Seven per cent – that’s how much of the £10 million High Street Innovation Fund, set up last year to bring empty shops back into use, has been spent to date.
The figures come from a Freedom of Information request by Paul Turner-Mitchell, an independent retailer, who appears to be on a one-man fact finding mission on all things High Street policy related – his earlier FOI revealed that just 12 per cent of the £1.2 million money assigned to Portas Town Teams had been spent to date. His investigations also reveal how the money has been spent to date. In Dartford, £1,600 was used to hire a man in Peppa Pig costume.
Whilst understandable, Mr Turner-Mitchell’s displeasure at how much of this money has been spent to date, and how it has been used, misses the point. Regular visitors to this blog will be aware of Centre for Cities’ view on the Portas Review.
In short, a focus on retail alone is far too narrow to solve the malaise of the High Street. Retailers need sustained footfall. Unfortunately no end of grant spent on bunting and flower pots is going to deliver this. In the majority of instances the steadiest source of footfall past the doors of High Street retailers is likely to be by non-retail workers. But the Portas Review completely ignores this fact, and so too have a raft of studies published on the back of it.
The latest to do so is the London Assembly Economic Committee’s report on empty shops, published earlier this week. At the launch event, London Assembly Member Andrew Dismore, Chair of the Economic Committee, remarked that it is the outer lying High Streets of London that are struggling in particular, and it is these places that require specific attention from London policymakers to reverse their retail fortunes.
It’s worth reflecting on this point for a second to show why something that is well intended is ultimately misguided. A key economic role played by Outer London Boroughs, as shown in our report Size Matters, is to ‘export’ workers to business-rich central London. This means that the population of central London swells massively during standard trading hours, as illustrated in the infographic below (with thanks to Alasdair Rae). And so too does the potential market for retailers – this large in-migration of people every day provides them with punters to sell their wares to.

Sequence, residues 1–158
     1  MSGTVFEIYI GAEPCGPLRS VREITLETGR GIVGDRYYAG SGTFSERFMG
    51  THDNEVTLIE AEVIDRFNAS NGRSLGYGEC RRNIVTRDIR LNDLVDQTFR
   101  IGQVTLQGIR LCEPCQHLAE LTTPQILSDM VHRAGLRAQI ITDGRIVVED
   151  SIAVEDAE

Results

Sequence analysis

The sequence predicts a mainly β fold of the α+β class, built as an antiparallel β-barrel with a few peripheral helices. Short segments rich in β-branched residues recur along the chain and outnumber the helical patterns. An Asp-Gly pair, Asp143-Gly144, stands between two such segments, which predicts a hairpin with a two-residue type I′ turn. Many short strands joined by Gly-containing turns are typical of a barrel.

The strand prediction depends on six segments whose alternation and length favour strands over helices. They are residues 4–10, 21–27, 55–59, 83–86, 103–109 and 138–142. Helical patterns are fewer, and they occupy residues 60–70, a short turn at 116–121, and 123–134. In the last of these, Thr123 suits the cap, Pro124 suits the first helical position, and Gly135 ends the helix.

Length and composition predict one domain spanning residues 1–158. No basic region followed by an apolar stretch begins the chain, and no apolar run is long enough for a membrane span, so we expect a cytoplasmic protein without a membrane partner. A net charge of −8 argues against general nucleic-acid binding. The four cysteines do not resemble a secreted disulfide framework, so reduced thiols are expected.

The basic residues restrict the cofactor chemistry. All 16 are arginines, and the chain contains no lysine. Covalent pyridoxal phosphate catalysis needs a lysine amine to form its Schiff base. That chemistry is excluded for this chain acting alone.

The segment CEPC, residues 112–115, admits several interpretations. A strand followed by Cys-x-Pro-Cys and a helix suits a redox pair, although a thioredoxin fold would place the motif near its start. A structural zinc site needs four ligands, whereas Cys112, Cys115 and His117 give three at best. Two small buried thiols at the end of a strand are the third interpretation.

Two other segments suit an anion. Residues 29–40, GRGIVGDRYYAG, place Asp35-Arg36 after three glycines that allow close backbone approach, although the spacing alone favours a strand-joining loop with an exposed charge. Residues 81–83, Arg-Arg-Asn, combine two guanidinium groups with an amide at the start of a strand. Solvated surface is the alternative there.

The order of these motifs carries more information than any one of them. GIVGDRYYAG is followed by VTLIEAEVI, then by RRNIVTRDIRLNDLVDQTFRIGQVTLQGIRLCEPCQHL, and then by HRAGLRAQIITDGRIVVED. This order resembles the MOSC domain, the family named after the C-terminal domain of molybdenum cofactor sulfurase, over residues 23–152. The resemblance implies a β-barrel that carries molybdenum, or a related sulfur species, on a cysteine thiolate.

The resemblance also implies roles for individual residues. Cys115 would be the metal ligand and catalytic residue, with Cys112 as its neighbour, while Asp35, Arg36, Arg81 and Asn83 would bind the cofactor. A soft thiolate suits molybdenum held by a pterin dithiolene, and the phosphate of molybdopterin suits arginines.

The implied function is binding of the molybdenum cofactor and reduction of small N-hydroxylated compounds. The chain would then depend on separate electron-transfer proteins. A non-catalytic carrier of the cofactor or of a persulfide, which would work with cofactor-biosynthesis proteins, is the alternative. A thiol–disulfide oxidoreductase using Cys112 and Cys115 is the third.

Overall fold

It is because of these commuting patterns that retailers such as Pret thrive in Central London. There are 193 Pret stores in the capital, the highest of any city in the UK (the next highest is Birmingham, with five). Where are these Prets located? 80 per cent are in the Inner London Boroughs. And almost 60 per cent are in Westminster, Islington and the City of London alone.
London’s core has been strengthening in recent years – more and more of the capital’s businesses are choosing to locate and is likely to continue to do so as density becomes ever more important for knowledge based businesses. This, coupled with the on-going national economic malaise and the rise of internet shopping, means that for many Outer London High Streets retail is likely to be inappropriate as a response for reversing their fortunes. Instead policymakers in London should be thinking about what other uses are suitable for these areas.
What does this mean for cities more generally? Retail thrives where footfall is concentrated. This means that, particularly in cities where we have seen a dispersal of economic activity in recent years, any attempts to revive ailing retail-dominated High Streets should be thinking about how they can encourage a concentration of economic activity in their city centres. While not the only required response – tourism, residential and leisure also have a role to play – only when this has occurred will bunting and flower pots have any sort of impact.
We should worry less about Portas money not being spent – its approach means that the money is likely to have little impact even if it had been used. This could even be a blessing in disguise – at least it gives the opportunity for it to be recalled and spent on something a little more sensible. Instead we should be thinking about how to support growth in underperforming city centres. The Centre for Cities will be investigating this in more detail in the coming months.
Director of Policy and Researchp.firstname.lastname@example.org
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